Preparing for Extreme Conditions
Arizona has a range of climate conditions across the state, and any region can experience extreme heat, drought, cold or storm events. By choosing the right types and varieties of trees, you can help avoid tree damage from extreme temperatures, storms or droughts. However, since all trees can be affected by an increasingly unpredictable and erratic climate, be prepared to protect trees from extremes now and in the future.
Extreme cold and frost events
Keep track of local weather and temperature forecasts during the bloom time of sensitive fruit trees. Frost danger can be higher in early spring, so plant cold-sensitive trees in warm microclimates away from cold air pockets. Choose late blooming or cold-hardy tree varieties to help avoid frost damage, though hard late-spring frosts can damage even these.
If freezing is forecasted, move frost- and cold-sensitive dwarf trees that are in containers to locations near south walls or under roofs. Wrap young or frost-sensitive trees in sheets, blankets, cardboard or fiberglass—though these could blow off in a nighttime storm.
A more permanent option is to build structures or cages over small trees and drape them with tarps, blankets or shade cloth to protect them from frost (as well as sun) when needed. If possible, place lamps or heaters within tree canopies or under trees to emit warmth overnight. Moisten soil before predicted cold nights, since damp soil retains heat better than dry soil.
Extreme heat events and drought
Most fruit and nut trees prefer full sun, but the intense sunlight in southern Arizona can burn exposed bark, leaves and fruits. To prepare for intense desert sun and heat, plant hardier natives on the west sides of less hardy trees to shade them in the afternoon. Plant sensitive trees in the shade created on the east sides of buildings.
When pruning trees, leave some branches that shade the trunk. If the trunk is exposed, plant shrubs around the base of the tree to shade the trunk. Hang shade cloth over sensitive trees in direct sun. During extended droughts, even native trees may need more water.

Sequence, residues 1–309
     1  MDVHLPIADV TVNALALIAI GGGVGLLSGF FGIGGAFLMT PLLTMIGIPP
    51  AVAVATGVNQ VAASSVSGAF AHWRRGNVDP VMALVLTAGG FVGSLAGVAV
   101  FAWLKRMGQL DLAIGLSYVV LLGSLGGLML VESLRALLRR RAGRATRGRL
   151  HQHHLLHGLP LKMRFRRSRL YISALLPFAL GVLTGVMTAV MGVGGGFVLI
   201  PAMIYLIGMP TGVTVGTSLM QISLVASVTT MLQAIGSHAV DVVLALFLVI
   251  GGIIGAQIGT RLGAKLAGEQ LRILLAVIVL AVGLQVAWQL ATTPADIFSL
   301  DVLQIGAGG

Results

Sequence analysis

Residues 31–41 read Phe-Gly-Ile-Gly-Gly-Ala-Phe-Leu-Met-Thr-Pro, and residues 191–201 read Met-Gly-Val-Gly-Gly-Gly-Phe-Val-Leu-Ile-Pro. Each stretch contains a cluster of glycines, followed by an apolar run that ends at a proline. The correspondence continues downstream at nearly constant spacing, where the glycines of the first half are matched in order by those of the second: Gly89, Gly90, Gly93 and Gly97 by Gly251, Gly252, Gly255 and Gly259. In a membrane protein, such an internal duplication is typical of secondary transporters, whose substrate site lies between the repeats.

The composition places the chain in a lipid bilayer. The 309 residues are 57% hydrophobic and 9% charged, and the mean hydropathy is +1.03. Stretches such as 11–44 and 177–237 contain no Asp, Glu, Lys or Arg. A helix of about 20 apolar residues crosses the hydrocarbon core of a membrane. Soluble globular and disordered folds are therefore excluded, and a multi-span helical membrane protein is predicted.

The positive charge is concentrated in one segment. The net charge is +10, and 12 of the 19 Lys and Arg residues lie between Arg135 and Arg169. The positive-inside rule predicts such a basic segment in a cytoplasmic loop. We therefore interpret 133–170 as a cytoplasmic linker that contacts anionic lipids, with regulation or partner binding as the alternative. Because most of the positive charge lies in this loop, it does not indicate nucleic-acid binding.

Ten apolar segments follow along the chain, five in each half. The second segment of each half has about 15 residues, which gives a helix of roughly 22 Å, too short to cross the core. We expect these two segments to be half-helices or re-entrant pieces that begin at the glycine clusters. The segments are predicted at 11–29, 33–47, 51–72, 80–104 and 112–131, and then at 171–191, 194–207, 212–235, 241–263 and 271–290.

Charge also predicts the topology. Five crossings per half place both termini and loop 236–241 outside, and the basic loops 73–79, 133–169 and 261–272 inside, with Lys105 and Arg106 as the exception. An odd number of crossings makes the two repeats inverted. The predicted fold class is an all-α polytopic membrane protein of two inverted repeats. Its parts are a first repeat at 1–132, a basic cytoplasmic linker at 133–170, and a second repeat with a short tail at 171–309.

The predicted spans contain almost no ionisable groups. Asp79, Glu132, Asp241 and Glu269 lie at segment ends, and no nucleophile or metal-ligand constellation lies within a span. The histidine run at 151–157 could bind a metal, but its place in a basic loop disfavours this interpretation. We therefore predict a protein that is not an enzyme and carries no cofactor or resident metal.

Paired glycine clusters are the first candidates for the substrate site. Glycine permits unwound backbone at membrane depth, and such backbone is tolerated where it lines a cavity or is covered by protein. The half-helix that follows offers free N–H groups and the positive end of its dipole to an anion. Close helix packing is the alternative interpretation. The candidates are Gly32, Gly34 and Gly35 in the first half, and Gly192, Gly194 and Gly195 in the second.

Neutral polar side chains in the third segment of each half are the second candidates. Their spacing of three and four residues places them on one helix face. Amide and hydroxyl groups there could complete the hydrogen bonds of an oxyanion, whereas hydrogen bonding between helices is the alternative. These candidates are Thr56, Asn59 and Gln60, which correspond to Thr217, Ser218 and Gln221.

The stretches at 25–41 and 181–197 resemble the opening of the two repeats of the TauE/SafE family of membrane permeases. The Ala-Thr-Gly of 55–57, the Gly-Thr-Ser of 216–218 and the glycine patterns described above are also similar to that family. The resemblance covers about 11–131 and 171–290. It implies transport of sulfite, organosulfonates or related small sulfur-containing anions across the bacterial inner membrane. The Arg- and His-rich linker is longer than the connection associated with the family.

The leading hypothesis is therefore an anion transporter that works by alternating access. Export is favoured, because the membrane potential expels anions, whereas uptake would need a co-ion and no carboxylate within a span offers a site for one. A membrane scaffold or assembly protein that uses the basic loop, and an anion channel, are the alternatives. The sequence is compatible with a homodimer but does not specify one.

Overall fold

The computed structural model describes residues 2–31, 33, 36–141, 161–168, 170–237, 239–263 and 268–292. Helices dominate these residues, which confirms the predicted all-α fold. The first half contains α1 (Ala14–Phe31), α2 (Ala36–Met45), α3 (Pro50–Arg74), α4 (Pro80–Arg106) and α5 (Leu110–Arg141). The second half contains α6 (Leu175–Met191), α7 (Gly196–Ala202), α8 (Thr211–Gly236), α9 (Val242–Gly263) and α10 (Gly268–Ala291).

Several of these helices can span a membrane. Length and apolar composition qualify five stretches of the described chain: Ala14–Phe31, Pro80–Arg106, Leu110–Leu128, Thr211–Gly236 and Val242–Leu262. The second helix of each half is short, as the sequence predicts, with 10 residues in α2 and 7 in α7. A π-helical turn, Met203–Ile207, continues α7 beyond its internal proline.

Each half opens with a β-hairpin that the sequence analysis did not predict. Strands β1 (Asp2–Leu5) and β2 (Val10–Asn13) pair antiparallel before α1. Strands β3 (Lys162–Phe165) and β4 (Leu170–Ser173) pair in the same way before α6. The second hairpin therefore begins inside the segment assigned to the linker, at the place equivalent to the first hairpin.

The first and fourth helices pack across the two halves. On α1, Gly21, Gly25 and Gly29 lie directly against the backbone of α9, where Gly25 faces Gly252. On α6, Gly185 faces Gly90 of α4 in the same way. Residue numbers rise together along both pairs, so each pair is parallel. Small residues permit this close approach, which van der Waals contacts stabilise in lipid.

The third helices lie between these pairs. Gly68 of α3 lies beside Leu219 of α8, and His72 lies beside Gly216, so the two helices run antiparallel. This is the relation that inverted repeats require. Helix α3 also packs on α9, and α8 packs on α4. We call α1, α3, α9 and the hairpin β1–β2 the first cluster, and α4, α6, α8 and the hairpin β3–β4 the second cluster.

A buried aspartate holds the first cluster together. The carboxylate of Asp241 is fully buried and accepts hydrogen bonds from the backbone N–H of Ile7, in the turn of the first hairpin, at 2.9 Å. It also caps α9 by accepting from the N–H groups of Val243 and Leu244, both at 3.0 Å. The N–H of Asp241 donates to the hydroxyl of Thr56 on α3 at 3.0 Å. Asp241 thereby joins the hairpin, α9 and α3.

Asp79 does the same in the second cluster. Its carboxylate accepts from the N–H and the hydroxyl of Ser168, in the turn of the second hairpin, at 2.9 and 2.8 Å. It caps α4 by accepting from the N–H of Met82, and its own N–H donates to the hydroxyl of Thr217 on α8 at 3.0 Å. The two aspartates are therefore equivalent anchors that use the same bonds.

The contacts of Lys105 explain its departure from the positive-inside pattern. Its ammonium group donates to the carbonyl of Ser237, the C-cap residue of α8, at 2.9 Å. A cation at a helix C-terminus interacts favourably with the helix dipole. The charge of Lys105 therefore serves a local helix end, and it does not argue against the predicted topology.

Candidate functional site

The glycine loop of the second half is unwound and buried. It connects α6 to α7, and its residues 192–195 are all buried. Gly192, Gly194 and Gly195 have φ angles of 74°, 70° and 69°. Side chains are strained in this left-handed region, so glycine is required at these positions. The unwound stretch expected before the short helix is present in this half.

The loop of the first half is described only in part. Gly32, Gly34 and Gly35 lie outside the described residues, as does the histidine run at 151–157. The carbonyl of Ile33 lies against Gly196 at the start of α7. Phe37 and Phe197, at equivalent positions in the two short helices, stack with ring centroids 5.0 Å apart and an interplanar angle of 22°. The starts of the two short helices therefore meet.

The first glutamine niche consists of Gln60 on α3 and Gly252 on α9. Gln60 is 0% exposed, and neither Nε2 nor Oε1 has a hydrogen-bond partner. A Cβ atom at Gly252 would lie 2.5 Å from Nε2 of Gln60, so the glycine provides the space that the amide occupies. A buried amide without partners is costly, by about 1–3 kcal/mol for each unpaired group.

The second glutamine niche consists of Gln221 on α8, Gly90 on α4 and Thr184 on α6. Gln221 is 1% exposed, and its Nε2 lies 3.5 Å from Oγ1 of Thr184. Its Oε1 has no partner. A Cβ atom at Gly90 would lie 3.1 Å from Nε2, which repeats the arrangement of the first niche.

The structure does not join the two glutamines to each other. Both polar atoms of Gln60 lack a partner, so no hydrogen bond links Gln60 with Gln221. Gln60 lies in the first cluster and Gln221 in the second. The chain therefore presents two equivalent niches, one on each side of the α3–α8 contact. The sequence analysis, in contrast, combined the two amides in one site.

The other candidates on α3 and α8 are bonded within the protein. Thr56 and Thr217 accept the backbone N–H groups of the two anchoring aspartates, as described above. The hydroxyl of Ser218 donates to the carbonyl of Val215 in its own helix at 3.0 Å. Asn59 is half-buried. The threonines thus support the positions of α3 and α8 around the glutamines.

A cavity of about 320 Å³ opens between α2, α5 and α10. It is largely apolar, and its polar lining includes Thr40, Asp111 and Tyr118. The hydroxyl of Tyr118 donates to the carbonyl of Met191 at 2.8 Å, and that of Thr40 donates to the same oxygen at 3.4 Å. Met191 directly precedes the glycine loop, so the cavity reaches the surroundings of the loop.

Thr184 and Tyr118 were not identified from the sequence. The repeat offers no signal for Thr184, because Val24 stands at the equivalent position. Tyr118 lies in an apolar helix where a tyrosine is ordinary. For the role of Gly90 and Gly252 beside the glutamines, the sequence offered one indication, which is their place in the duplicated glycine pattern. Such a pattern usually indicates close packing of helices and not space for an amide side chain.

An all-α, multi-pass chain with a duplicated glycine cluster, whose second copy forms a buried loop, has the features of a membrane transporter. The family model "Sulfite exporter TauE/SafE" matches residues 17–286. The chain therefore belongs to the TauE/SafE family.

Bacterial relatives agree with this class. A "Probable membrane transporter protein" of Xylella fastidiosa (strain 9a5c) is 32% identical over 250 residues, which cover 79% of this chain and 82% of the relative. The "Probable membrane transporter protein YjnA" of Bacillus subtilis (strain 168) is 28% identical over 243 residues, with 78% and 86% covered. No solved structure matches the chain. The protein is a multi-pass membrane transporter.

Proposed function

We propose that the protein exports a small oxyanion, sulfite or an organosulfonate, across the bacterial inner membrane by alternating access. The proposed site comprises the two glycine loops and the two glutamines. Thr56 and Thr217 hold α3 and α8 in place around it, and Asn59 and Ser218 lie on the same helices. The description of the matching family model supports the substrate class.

Projected climate changes could result in higher average temperatures, higher evaporation rates and prolonged droughts. Check soil moisture and tree conditions to make sure the trees are receiving enough water, especially during the hot dry months of May and June. Mulch more heavily to conserve soil moisture, keeping in mind that wood mulch absorbs water. Water at tree drip lines and check soil moisture by pushing a metal rod or stick into the soil to see how deeply it easily penetrates, or dig 4 to 6 inches down to check soil moisture.
Sudden storms in spring and summer can cause branches to break and flowers and fruit to fall. Heavy winter snows and ice storms can also cause structural damage to the trees. While these cannot be avoided, the damage can be lessened by keeping the trees pruned and the orchard clean.
A sheet protects a blooming pear tree from a late season snowfall. The orchard is also surrounded by a deer fence and covered with bird netting to protect fruit.
Citrus tree planted on the southeast corner of a building where it is shaded from hot summer sun.
LEAF is under the fiduciary stewardship of the Arizona Community Tree Council, a 501(c)3 non-profit organization.
PO Box 65122, Phoenix, Arizona 85082-512